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Old 08-12-2021, 19:40   #8
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Re: Fat bottomed girls

The dual rudders aren't because anyone necessarily wants them, they're used when a wide beam and other factors prevent a single rudder from working effectively.
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Old 08-12-2021, 19:57   #9
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Re: Fat bottomed girls

Wide transoms are nasty in big following seas. Twin rudders mean two rudders are exposed to contact with junk in the sea. Both are very bad ideas.

Like most things, this is 100% fashion. The builders need to easily and quickly sell boats at boat shows. The more a boat seems like a house, the easier it is to sell. If you use your boat like a waterfront condo, and you only sail in protected water -- and that is by very far the most common use of any boat -- then the modern fashion is fine, in fact is quite nice.

However, ocean sailing is quite different. You want a boat that rides through the seas nicely, which means you want a minimum water plane area that is balanced fore and aft.

The modern fashion is the opposite: tremendous water plane area, and a fat stern with a narrow bow. Absolutely horrible in big seas, in any direction upwind (lots of water on deck), reaching (lots of helm and burned out autopilots), and downwind (very poor directional stability). And on any course of sail, due to the large water plane area: very high accelerations in all directions, so plenty of barf from most people.
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Old 08-12-2021, 22:33   #10
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Re: Fat bottomed girls

I haven't sailed one, but I am betting that they are a lot of fun off the wind and will surf well. Upwind there may be a lot of pounding, like the kind that shakes the whole rig. Dual rudders is to ensure you still have a good rudder in the water when she heels. 2 wheels so you can be out where you can see the sails, and the view ahead, well. I'd love to sail one, not (yet) anxious to own one.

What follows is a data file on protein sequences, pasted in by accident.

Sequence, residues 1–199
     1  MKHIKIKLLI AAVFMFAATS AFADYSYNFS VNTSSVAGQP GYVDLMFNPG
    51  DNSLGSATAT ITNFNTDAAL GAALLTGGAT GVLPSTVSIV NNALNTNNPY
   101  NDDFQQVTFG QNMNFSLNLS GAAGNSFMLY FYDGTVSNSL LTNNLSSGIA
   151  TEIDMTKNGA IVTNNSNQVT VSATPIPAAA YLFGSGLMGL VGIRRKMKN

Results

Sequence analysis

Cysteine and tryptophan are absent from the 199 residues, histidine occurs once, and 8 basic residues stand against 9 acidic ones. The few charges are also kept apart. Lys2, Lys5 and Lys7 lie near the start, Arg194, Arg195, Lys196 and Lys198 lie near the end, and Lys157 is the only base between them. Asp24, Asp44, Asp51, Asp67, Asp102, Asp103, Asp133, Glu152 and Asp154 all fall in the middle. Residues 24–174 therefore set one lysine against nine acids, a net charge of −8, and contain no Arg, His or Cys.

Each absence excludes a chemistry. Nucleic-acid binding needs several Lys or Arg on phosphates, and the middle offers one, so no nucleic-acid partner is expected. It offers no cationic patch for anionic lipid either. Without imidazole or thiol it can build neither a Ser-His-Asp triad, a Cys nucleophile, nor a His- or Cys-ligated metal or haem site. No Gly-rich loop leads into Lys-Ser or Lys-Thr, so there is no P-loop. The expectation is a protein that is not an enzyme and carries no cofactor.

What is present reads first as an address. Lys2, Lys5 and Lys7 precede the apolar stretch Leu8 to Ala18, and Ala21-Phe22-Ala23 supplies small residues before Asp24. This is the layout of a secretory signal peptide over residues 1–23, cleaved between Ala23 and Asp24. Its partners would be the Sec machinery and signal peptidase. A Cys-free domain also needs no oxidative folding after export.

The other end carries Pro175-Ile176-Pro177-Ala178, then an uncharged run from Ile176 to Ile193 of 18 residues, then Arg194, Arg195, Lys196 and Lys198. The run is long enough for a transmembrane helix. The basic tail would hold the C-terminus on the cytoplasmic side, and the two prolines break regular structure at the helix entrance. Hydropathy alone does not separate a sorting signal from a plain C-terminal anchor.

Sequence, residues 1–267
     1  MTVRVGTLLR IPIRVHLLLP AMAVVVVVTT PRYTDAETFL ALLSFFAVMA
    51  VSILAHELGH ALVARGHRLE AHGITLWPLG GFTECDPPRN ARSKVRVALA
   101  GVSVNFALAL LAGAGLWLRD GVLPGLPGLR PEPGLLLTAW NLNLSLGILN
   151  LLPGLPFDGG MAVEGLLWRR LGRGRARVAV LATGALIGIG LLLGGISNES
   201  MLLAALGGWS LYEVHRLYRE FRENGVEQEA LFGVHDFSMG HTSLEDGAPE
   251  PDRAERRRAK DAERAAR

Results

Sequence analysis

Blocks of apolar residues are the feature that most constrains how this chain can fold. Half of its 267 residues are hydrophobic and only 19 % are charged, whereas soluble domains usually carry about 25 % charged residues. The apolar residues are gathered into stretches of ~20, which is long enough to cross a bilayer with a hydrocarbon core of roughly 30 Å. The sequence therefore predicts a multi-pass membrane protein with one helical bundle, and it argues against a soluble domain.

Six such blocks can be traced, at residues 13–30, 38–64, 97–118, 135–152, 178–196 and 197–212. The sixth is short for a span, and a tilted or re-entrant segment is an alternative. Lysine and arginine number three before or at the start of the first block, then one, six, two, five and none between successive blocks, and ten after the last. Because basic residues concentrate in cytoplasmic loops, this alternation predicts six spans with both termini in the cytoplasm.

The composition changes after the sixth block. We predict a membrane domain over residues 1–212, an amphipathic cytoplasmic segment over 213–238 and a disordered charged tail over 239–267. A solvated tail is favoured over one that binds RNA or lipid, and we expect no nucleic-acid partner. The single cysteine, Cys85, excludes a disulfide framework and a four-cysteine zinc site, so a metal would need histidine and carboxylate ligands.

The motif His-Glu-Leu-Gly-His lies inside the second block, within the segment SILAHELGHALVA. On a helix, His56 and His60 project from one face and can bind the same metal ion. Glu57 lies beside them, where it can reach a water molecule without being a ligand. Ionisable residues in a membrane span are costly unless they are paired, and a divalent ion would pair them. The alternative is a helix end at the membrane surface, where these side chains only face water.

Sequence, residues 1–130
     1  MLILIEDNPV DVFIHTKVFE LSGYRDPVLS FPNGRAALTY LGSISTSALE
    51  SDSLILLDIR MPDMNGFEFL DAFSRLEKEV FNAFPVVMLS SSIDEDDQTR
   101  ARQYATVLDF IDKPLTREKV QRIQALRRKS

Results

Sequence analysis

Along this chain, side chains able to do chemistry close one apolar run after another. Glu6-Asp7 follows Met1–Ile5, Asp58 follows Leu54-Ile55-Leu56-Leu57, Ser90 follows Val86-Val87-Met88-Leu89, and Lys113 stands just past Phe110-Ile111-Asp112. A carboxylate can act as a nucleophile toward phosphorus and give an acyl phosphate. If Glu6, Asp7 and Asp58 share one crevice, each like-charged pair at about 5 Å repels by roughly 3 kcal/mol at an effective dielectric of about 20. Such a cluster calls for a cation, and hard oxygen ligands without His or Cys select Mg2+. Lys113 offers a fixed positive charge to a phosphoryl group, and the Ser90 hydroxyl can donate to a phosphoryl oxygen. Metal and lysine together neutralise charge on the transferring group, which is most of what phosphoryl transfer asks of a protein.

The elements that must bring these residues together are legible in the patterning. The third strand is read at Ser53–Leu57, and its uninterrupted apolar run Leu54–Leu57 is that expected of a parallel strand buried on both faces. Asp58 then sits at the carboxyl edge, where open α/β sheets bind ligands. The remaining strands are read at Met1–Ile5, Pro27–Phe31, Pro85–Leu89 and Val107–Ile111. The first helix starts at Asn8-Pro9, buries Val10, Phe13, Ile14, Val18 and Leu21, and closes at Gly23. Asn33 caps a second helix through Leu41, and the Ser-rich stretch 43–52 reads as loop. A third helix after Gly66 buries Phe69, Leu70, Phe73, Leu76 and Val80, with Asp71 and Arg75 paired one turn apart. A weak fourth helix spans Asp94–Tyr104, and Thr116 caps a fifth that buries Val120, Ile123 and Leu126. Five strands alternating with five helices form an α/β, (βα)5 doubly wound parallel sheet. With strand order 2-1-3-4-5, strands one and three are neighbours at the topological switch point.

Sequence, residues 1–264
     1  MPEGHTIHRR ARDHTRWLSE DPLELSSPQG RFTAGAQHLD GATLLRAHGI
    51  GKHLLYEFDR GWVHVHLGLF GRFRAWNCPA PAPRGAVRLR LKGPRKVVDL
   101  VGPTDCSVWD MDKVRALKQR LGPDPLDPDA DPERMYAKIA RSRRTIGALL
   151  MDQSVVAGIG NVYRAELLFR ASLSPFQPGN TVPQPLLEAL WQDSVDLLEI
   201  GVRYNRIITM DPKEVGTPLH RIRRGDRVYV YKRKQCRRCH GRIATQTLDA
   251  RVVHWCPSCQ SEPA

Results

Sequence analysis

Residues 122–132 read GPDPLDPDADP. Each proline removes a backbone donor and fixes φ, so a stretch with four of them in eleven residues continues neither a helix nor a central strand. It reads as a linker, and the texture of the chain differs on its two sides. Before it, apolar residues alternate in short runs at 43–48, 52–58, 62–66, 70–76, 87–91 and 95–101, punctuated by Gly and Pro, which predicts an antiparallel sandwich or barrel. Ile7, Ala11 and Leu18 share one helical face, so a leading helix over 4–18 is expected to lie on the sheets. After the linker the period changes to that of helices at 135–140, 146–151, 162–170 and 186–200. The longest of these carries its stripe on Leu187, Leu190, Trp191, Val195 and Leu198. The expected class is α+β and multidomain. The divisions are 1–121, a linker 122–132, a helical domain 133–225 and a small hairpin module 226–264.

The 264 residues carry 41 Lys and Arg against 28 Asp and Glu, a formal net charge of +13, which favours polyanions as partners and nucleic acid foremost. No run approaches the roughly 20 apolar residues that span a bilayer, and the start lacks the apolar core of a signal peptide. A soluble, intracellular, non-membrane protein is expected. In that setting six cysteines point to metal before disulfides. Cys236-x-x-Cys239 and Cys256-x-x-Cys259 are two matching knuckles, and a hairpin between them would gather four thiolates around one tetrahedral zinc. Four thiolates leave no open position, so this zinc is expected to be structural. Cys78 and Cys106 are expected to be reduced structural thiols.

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Old 08-12-2021, 23:45   #11
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Re: Fat bottomed girls

In general (not just boats), Italian design is about fashion over function....

But look at how your typical boat is used.
- Most are weekenders where hanging out in the marina represents the bulk of use.
- When they do go out, it's typically coastal cruising where they are getting from point A to B...they don't hesitate to crank up the diesel if conditions aren't ideal.
- Typically, burying the rail is not the fastest way to sail. Better to reef and keep the boat more upright.
- Big cockpits sell with the wife.

Old narrow beam deep draft boats, don't sell. Outside of custom/semicustom, you will be hard pressed to find a new one for sale.
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Old 09-12-2021, 03:37   #12
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Re: Fat bottomed girls

The wide sterns with chines are designed to heel up on that chine when going upwind and lift the windward side up out of the water for less drag. When this happens a single rudder may get lifted so high as to cause problems with grip leading to high rudder angles (lots of drag) and rounding up.
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Old 09-12-2021, 04:01   #13
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Re: Fat bottomed girls

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Originally Posted by danstanford View Post
The wide sterns with chines are designed to heel up on that chine when going upwind and lift the windward side up out of the water for less drag. When this happens a single rudder may get lifted so high as to cause problems with grip leading to high rudder angles (lots of drag) and rounding up.